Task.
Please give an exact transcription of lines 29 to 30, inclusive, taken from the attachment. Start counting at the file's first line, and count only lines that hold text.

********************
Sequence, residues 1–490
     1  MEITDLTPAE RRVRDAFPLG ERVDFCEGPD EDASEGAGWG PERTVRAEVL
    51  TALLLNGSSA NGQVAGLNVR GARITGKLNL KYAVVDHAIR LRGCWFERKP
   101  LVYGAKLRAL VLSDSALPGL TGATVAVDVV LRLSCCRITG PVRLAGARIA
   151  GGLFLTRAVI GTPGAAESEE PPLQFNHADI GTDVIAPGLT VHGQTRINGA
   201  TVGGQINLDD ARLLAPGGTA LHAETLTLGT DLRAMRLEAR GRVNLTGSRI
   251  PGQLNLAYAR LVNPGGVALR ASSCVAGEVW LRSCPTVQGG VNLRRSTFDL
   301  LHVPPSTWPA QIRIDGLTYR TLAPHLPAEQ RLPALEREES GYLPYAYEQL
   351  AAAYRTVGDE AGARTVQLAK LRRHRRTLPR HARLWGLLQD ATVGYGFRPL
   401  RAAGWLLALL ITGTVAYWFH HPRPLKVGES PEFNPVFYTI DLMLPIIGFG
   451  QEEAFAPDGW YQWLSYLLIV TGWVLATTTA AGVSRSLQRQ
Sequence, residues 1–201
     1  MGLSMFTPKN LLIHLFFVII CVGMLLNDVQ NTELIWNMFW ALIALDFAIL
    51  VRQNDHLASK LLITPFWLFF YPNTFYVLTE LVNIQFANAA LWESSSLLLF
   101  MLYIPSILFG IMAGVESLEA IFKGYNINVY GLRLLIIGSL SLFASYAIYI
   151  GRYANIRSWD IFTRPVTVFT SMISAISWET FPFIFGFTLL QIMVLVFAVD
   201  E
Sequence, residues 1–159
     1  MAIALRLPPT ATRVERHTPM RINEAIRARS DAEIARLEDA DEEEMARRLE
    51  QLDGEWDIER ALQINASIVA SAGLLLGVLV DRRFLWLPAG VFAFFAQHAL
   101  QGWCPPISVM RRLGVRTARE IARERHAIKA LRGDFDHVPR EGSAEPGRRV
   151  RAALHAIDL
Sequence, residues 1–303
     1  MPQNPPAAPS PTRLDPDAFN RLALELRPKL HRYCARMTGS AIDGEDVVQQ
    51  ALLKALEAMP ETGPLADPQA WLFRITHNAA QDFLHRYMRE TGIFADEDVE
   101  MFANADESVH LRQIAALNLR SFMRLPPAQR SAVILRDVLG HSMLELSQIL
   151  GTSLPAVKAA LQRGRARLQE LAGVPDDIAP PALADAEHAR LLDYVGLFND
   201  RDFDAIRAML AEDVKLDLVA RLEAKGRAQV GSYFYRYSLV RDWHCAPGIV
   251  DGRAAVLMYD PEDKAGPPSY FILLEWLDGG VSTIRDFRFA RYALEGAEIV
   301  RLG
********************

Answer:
   251  DGRAAVLMYD PEDKAGPPSY FILLEWLDGG VSTIRDFRFA RYALEGAEIV
   301  RLG